Asylum seekers held at Israel's Holot detention facility began a hunger strike last night, reported Haaretz, to protest the jailing of seven Eritreans who refused to leave Israel.
According to the newspaper, this is the first time that asylum seekers have been jailed for refusing to leave. The seven were taken to prison immediately after their pre-deportation hearings yesterday morning.
The paper added that even though "two of them survived torture in Sinai en route" to Israel, "their asylum requests were denied" by Israeli authorities.
As the men "refused to leave Israel for either Eritrea or Rwanda", they will be jailed indefinitely "unless they change their minds", as per the interior ministry's new rules.
To date, Haaretz states, "the immigration authority has sent deportation notices to more than 100 of the approximately 900 asylum seekers at Holot". The notices warn that if they don't agree to leave, they face indefinite detention at Saharonim prison.
The Israeli government's new rules "state that Eritreans and Sudanese who didn't file asylum requests by the end of 2017, or whose asylum requests were rejected, can be deported to a third country."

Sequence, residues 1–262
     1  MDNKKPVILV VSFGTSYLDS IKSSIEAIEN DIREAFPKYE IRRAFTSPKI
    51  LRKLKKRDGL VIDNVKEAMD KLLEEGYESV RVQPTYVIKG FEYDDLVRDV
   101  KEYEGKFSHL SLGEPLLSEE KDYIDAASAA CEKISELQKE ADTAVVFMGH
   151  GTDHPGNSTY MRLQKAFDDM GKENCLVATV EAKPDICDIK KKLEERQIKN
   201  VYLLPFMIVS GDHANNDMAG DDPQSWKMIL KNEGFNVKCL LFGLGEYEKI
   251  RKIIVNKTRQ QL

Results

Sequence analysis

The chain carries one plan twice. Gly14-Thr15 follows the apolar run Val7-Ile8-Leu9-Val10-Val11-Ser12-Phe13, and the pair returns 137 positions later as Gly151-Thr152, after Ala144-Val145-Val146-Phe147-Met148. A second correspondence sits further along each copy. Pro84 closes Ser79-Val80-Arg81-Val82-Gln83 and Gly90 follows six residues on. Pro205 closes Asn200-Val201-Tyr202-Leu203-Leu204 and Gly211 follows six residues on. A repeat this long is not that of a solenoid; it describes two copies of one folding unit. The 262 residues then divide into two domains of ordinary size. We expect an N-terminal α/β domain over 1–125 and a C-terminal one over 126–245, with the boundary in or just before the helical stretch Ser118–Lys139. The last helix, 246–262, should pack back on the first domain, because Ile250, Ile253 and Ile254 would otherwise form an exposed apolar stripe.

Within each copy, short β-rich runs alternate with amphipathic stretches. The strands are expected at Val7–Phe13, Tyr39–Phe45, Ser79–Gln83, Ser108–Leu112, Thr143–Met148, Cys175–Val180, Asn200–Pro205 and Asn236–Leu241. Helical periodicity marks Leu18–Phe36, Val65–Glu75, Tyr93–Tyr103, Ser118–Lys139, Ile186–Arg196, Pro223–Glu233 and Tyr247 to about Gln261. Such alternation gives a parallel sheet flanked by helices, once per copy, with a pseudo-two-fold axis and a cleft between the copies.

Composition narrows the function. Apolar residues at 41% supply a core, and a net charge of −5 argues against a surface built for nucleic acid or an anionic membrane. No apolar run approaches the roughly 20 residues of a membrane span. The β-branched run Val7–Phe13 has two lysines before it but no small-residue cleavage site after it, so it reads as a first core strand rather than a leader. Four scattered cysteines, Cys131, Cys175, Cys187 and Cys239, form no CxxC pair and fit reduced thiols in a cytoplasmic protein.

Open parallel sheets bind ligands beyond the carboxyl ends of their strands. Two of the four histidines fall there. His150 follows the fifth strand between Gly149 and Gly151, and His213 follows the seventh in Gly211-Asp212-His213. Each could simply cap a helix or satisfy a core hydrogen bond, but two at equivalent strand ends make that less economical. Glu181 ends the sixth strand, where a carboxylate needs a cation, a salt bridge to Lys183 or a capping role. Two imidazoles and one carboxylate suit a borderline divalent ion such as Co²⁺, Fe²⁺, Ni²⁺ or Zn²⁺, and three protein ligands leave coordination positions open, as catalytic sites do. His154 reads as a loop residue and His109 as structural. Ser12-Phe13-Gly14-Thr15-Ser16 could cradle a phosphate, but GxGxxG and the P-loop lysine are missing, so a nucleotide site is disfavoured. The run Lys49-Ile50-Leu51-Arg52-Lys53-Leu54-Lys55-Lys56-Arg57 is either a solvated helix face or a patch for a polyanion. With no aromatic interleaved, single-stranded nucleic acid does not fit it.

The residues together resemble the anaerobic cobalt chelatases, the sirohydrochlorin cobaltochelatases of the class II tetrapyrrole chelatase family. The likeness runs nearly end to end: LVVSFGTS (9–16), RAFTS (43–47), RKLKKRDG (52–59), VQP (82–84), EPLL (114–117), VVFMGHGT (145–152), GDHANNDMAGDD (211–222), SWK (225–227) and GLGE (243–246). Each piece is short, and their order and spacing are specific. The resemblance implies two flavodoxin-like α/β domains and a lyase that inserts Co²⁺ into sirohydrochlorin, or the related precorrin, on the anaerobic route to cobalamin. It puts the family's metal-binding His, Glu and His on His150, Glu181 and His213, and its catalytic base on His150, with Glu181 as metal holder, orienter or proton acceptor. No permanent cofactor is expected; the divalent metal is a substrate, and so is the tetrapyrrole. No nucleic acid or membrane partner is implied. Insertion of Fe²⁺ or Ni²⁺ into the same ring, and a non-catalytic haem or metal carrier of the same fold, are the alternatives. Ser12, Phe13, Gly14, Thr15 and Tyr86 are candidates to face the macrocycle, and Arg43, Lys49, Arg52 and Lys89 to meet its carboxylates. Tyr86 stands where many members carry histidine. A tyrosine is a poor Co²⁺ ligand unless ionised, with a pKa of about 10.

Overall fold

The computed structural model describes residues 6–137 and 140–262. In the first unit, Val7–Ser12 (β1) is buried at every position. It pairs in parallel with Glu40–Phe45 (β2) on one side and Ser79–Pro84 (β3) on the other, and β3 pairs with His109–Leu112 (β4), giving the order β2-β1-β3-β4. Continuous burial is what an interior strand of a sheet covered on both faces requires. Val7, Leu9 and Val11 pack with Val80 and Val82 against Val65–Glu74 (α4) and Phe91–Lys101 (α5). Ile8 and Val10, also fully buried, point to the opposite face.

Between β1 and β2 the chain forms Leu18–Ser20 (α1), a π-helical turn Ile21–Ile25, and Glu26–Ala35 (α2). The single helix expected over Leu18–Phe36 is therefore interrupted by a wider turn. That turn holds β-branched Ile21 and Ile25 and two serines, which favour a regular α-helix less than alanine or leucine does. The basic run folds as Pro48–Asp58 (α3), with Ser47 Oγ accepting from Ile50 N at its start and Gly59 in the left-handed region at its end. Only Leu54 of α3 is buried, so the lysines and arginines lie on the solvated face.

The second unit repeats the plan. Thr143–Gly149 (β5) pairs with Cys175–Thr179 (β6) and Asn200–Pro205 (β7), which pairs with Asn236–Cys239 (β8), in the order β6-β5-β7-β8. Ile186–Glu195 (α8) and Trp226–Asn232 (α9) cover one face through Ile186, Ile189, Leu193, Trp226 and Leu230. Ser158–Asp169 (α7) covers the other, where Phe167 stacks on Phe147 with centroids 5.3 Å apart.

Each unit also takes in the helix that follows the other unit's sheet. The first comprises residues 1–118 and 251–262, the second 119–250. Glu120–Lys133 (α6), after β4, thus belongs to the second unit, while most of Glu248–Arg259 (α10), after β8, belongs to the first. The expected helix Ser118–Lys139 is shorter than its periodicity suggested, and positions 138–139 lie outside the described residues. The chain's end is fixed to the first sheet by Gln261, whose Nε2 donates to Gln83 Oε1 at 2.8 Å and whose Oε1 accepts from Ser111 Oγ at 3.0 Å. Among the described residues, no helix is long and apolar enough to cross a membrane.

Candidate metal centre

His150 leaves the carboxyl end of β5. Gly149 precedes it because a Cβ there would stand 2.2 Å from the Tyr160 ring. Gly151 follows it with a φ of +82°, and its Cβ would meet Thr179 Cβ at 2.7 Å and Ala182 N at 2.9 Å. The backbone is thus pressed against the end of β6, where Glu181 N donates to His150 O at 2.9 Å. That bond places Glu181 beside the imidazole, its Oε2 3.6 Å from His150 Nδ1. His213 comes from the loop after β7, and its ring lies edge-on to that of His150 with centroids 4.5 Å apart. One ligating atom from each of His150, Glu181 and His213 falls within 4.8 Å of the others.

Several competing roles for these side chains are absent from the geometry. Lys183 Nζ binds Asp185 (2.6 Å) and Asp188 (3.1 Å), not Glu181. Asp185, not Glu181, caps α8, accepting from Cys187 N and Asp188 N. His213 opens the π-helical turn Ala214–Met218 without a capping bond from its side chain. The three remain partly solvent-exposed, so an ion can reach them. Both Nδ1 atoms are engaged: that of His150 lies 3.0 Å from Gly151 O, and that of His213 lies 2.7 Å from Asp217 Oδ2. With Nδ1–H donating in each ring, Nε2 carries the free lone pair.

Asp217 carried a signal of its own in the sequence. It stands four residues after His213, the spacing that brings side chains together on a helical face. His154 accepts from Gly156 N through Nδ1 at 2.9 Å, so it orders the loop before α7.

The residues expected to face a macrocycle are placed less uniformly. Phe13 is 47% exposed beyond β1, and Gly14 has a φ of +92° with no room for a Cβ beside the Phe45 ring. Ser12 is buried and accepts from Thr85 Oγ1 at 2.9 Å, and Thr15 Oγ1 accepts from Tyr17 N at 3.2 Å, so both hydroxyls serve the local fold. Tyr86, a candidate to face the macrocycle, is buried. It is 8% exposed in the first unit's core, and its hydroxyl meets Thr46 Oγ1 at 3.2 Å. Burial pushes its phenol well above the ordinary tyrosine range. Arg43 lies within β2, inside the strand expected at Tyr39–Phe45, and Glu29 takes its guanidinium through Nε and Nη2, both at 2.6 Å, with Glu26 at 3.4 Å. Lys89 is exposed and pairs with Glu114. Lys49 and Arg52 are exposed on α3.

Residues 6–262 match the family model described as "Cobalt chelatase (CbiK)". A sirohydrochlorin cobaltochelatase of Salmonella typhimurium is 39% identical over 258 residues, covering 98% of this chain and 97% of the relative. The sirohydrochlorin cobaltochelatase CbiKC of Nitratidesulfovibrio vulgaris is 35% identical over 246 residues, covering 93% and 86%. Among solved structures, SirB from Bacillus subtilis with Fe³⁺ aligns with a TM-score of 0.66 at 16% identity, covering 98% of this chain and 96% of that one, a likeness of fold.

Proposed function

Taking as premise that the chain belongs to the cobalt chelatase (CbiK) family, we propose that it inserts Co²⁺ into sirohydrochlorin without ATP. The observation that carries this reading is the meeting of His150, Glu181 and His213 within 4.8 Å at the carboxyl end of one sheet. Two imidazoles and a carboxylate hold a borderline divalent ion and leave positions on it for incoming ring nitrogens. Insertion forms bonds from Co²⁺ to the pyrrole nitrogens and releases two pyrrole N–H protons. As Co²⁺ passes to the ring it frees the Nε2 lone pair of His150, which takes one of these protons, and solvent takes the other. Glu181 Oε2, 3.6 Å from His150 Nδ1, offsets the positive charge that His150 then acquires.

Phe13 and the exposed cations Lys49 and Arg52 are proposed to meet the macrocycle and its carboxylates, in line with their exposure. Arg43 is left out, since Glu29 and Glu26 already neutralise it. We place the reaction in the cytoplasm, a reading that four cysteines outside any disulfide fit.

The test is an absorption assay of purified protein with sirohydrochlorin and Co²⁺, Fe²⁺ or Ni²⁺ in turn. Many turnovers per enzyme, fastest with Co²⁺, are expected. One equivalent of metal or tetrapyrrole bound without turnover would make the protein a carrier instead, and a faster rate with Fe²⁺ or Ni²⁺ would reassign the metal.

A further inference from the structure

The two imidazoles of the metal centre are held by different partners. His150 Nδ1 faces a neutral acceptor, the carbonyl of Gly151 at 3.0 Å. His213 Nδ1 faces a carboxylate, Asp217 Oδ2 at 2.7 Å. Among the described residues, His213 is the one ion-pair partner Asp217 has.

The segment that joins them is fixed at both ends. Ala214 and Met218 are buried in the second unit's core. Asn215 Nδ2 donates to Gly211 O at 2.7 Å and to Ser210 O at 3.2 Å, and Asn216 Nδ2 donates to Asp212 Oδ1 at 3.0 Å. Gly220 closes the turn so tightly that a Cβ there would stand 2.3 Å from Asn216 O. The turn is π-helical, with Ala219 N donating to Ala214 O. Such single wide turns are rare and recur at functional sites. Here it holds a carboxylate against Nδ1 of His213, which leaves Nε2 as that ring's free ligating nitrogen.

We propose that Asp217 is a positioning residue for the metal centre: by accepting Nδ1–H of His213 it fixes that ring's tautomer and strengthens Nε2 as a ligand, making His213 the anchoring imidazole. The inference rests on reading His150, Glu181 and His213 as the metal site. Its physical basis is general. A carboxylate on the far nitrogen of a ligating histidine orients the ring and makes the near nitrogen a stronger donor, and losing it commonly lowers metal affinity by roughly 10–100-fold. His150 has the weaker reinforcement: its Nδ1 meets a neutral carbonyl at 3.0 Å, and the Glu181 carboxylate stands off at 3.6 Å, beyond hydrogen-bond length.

After receiving deportation notices, they have one month to decide whether to accept deportation or be jailed indefinitely.
There are currently about 40,000 Eritreans and Sudanese in Israel, including some 5,000 children born there. So far, only ten Eritreans and one Sudanese have been granted asylum.
Meanwhile, the Associated Press has spoken with African migrants deported by Israel, with one man explaining how the process worked in his case.
"They told me, 'If you don't leave you are going to jail'," said Yohannes Tesfagabr, who fled from Eritrea in 2010 for fear of his life. "It's forced. They tell you to say you are going voluntarily, but it is not voluntary. They force you to deport yourself."